Did you know 2015 counted over 11 million personal health information breaches in the US? This information is of incredible value to hackers. Who have no shame in using it for health related fraud like fake claims.
This is not something healthcare providers and patients a like want to worry about on a daily basis. However, the rise of healthcare technology has made patient data security more important than ever. Healthcare institutions are welcoming technology solutions with open arms. They see the benefits of solutions like patient entertainment displays, computers on wheels and EHR software. But adopting technology in hospitals means taking the right measures to enjoy technology in a safe way.
The alarming number of breaches last year have inevitably made network security and patient data security one of the biggest concerns for healthcare providers. Trends show that hackers start putting their eggs in the personal healthcare information (PHI) basket. PHI is 10 times more valuable than credit card data and is about 100 times easier to get a hold of. Win win for the hackers right?
PHI contains vital information like name, age, gender, address, social security number, insurance information and personal medical history data of patients. Hackers use this information to make fake IDs, buy drugs or even apply for forged insurance claims.
“Hackers make up to $ 100,000 from stole personal health data”.
We want you to become aware of personal health information. And how important it is to have a strategy in place to protect it.
Read through this simple breakdown and realize the importance of securing patient data today!
The Value of Patient Data
As said before, personal health information results in 10 times more profit than stolen credit cards. What is the logic behind this?
- First of all, patient health data gives the bad guys more time than credit cards do. Patient data is permanent and cannot be changed. While credit cards often get cancelled and replaced as soon as the owner realizes it is missing. Credit cards require quick action where personal health data doesn’t.
- Then there is the question of what you can actually buy with personal patient data. Patient health information serves many more purposes than credit card information does. Cyber criminals use patient data for high value purchaseslike fraudulent insurance claims, medical equipment and even drugs. Credit card data will only allow them to buy retail items. Much less valuable in the long run.
Collecting Patient Data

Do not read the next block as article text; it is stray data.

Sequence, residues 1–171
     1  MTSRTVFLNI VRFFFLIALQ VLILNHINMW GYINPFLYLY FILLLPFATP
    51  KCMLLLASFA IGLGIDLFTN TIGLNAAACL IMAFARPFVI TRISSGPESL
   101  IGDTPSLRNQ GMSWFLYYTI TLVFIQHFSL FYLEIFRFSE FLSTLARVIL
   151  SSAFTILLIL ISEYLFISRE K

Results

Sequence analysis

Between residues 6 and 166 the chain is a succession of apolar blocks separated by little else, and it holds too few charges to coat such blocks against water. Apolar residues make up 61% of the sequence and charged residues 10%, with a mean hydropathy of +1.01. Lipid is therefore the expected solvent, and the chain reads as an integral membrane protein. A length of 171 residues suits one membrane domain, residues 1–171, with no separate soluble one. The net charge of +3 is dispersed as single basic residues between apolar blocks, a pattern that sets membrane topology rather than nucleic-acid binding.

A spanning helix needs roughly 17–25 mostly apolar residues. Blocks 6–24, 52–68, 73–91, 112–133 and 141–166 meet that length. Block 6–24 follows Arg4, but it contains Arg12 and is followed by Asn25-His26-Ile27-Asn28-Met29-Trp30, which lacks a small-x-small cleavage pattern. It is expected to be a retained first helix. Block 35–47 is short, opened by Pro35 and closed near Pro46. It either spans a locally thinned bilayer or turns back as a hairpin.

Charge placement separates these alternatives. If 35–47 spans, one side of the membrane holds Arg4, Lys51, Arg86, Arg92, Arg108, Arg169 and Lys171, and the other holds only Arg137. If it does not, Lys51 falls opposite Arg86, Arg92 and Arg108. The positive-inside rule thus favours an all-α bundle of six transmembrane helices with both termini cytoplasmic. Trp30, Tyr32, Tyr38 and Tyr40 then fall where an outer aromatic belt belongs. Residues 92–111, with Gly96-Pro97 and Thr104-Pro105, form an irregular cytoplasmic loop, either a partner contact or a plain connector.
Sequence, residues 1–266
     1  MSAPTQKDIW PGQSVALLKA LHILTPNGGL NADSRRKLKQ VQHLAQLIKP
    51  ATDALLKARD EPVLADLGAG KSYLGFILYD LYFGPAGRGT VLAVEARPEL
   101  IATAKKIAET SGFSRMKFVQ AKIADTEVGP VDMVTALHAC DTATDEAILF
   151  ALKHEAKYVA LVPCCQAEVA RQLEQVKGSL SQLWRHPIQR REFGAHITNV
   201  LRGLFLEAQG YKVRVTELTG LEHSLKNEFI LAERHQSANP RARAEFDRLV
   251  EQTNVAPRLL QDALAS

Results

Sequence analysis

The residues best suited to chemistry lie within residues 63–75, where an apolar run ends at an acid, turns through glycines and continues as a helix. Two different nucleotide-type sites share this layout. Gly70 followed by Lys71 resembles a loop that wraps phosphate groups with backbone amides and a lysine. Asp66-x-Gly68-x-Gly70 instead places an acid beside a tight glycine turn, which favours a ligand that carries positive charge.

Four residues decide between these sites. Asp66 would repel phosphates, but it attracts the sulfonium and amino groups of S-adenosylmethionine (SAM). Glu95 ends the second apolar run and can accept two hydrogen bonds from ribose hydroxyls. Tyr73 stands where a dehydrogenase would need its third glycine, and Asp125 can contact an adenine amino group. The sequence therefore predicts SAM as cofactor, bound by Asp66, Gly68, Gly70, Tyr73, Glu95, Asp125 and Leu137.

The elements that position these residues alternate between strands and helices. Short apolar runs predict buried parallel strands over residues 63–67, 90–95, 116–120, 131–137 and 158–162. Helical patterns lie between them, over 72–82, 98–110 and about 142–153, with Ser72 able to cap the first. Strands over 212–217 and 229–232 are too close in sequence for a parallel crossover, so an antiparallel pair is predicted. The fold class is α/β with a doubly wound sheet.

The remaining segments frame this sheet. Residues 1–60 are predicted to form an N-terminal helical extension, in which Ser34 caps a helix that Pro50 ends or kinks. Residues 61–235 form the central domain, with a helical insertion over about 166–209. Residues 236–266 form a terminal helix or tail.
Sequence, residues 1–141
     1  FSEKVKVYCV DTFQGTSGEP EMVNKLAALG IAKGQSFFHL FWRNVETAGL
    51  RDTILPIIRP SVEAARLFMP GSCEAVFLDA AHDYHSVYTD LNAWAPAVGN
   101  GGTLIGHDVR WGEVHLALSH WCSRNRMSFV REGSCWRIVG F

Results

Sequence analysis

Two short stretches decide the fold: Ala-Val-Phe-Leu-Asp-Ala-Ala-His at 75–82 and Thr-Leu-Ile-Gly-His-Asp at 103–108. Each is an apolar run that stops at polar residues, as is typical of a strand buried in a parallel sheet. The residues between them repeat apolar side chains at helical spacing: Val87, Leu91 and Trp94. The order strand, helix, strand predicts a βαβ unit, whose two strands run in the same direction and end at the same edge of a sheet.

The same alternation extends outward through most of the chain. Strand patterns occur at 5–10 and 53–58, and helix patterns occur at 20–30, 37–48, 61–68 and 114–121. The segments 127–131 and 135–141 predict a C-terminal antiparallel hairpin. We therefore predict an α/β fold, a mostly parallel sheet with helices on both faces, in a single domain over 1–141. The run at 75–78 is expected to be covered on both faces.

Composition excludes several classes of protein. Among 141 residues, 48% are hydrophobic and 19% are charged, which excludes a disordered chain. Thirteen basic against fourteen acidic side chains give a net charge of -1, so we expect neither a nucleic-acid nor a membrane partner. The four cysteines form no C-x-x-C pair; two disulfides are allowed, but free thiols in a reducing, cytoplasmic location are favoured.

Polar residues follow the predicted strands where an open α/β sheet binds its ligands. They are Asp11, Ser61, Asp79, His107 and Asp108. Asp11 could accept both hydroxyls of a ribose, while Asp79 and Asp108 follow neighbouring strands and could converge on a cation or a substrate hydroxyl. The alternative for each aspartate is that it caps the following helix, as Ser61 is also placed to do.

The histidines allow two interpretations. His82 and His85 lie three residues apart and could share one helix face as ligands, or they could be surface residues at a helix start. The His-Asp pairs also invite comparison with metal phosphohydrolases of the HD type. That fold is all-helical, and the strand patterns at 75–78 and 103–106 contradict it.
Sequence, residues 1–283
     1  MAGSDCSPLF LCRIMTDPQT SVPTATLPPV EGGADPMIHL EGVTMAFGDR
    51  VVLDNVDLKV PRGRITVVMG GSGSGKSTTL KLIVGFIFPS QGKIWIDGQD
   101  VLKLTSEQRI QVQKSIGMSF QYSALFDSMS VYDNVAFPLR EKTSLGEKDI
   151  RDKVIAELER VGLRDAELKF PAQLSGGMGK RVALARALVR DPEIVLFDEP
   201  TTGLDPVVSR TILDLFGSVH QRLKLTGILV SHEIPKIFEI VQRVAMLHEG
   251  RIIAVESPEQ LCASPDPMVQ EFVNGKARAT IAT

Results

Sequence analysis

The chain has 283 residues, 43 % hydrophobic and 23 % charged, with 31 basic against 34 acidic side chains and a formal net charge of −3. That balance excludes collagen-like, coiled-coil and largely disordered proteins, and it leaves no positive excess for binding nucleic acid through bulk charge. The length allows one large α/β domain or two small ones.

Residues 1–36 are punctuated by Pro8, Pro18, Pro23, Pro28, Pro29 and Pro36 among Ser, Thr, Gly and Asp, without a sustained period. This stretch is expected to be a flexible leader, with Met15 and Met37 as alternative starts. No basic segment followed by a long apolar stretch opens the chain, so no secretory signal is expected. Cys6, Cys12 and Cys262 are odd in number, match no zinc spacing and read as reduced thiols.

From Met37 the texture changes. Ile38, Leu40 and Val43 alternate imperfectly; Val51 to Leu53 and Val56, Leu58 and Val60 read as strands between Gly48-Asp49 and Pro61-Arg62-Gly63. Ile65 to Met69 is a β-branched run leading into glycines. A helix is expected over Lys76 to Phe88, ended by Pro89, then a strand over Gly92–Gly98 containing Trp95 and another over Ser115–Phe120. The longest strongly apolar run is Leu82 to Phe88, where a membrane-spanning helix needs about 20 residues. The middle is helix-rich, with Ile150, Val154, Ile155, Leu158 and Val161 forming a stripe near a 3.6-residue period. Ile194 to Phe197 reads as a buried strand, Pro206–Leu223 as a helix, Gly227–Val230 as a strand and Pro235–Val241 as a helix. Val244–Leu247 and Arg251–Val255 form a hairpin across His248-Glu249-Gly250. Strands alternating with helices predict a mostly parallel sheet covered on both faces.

For hackers one thing makes personal patient data a winner over credit card information. It is surprisingly easy to get! Healthcare providers struggle with the thin line between keeping patient data secure and making it easily accessible to patients. This conflict leaves gaps, making patient data security the proverbial afterthought.
But why is patient data more difficult to secure?
- Personal patient health information is digital and stored on hospital’s WiFi networks. This makes all the information available for the one hacking the network.
- There is a lot to take. Millions of people are covered by health insurance, so lots of options to pick from.
- Patient data is designed to be easily accessible. Especially in case of an emergency. This makes patient data not only accessible for care staff, but for cyber criminals as well.
- Personal health information is meant to be shared. There are rules and regulations that require patient data to be shared with other providers.
The Solution: Securing Patient Data
Here is the strange thing. Healthcare providers are fully aware of patient data risks. However, network security in hospitals ranks near the bottom. Even more when you compare it to other industries that deal with sensitive information. Network security and patient data security continues to take a back seat. It usually doesn’t come out a winner with questions like ‘do we spend our budget on better network security or should we buy that new MRI that will bring in more patients?’. It’s not new that income generating budgets have more priority than network security improvement. We understand it’s the last thing healthcare providers even want to think about. Yet, this has to change.